In Disney's Sleeping Beauty, Maleficent curses the newborn Aurora: before the sun sets on her 16th birthday, the girl will prick her finger on a spinning wheel and die.
But, for some reason, having issued the curse, Maleficent turns out to lack all confidence in its power. She apparently spends the next 15 years trying to find Aurora after the good fairies hide her away in the forest, and then, having done so on the eve of the girl's 16th birthday, makes strenuous efforts to appear, with a spinning wheel, in order to force Aurora to touch the needle.
This appears not to be a curse at all, in fact; it is more like a declaration of intent. (And a bizarre one at that: why doesn't she just turn up at the end and kill Aurora outright, given that she knows that Merryweather has cast a partial dispellation of the curse?)
But perhaps this is what a curse really is: not a statement of intent, per se, but a spell which binds both the cursed and the curser to perform a particular sequence of actions through to a desired end. Aurora will encounter a spinning wheel on her 16th birthday, but Maleficent must play her own role in ensuring this in fact transpires. A curse, seen in this way, is something like a willed destiny - a final destination that will come about if only the one issuing the curse makes sure that it does.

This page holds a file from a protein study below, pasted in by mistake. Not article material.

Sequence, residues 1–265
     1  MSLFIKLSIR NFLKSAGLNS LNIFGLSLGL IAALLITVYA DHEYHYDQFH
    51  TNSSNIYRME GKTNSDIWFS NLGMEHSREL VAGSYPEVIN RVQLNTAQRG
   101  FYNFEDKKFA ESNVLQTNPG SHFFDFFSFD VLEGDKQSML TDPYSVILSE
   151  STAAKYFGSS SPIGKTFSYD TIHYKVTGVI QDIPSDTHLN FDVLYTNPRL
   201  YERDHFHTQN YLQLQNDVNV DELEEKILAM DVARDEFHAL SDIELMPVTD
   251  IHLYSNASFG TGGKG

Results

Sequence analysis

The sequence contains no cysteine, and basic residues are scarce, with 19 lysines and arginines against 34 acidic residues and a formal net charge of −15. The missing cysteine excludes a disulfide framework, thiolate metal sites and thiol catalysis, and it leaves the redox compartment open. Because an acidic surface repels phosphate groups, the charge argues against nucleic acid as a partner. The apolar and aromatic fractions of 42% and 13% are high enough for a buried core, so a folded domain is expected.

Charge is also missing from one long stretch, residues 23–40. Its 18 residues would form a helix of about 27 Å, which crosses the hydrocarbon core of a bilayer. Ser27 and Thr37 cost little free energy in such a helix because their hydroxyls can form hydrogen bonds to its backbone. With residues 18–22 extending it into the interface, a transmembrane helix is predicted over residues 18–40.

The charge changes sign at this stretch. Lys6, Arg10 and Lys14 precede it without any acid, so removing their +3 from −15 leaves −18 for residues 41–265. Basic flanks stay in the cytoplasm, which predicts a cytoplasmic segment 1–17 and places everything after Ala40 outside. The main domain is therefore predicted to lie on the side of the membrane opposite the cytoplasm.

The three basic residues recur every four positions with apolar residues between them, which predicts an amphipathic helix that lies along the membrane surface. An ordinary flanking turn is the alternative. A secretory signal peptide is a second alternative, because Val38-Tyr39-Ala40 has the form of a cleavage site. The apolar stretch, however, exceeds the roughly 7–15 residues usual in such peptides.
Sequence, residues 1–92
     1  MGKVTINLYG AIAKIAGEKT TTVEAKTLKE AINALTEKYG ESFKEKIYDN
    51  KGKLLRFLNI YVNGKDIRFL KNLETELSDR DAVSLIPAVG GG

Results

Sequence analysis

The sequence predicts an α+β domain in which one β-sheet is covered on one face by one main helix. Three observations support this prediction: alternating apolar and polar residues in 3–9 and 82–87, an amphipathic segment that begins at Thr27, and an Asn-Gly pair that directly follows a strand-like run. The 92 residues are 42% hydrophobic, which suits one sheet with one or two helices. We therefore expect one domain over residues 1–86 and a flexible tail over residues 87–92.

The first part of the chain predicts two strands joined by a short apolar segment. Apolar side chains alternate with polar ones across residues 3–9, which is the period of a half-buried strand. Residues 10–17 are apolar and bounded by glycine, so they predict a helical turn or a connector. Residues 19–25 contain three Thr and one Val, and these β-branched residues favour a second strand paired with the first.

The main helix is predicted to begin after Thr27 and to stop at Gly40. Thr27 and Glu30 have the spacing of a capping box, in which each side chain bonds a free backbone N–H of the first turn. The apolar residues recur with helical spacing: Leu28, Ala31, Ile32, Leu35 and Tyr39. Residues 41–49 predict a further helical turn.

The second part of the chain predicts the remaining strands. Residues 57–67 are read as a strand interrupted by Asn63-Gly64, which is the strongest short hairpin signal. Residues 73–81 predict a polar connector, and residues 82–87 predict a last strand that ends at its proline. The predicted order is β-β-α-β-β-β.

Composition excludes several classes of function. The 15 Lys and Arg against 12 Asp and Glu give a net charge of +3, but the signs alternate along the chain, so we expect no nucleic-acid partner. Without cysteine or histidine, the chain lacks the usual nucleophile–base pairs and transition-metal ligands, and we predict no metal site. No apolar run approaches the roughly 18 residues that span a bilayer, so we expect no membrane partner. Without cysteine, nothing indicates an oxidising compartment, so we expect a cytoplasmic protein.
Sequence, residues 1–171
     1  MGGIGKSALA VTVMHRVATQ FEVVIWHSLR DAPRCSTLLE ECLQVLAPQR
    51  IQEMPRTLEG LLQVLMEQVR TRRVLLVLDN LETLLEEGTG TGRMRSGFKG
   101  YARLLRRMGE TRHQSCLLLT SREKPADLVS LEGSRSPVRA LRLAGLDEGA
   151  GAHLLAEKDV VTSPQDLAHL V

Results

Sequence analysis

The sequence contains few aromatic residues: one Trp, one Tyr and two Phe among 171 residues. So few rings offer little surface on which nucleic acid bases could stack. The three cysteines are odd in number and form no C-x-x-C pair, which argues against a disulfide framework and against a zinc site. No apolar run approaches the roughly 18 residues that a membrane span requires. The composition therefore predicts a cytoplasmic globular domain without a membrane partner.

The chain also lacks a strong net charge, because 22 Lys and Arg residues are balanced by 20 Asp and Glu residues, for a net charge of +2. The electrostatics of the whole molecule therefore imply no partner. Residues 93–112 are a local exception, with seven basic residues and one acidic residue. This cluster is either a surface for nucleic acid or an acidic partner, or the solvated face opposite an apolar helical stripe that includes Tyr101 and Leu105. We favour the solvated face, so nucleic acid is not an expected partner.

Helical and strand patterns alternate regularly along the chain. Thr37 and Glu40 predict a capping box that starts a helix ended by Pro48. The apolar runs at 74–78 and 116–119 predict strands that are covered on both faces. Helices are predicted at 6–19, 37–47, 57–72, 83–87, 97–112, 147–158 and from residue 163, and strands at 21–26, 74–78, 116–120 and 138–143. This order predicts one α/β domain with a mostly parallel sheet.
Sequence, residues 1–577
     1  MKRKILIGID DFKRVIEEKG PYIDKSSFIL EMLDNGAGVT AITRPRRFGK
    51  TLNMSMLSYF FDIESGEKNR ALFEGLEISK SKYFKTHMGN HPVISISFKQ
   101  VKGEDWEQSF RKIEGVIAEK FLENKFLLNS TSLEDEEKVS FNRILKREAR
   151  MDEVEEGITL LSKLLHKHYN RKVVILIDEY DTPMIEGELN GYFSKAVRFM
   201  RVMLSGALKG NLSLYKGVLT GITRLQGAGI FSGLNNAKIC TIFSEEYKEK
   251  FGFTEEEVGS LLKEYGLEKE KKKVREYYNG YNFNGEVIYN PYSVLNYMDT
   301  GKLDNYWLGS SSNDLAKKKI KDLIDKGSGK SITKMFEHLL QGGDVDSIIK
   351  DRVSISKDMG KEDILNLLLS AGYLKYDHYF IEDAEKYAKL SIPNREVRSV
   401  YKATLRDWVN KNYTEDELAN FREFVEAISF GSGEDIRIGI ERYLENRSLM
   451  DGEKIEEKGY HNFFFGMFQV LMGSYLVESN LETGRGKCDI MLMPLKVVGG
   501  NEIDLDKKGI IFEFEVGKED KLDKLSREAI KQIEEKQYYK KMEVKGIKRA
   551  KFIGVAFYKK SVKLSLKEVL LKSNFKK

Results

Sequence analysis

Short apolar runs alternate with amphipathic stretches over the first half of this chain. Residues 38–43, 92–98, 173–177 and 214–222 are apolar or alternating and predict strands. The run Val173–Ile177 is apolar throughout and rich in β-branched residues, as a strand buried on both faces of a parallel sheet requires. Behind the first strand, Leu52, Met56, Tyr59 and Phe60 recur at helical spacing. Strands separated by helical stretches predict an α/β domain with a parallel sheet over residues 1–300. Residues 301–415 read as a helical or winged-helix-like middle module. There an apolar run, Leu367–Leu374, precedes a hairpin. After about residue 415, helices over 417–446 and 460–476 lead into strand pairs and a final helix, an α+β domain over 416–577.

An even more accurate way of putting it is: a curse is a stated plan which will come about if the right actions are performed at the right time. Ordinary plans, no matter how perfect, go wrong because of bad luck. A curse will not (barring interference from fairy godmothers) as long as the curser holds up at his end.
This makes fairy tale curses (as opposed to "you lose half your STR for the duration of the curse"-style D&D affairs) potentially, and interestingly, gameable. Magic-users can cast curses, and specify an outcome in doing so, but they also have to specify the steps they need to take to ensure that the outcome becomes real. If they do, the curse is realised. If they fail - too bad, and perhaps additional horrible consequences which follow. Maleficent meets her end having been impaled on a thrown sword. I'm sure that more interesting possibilities could suggest themselves.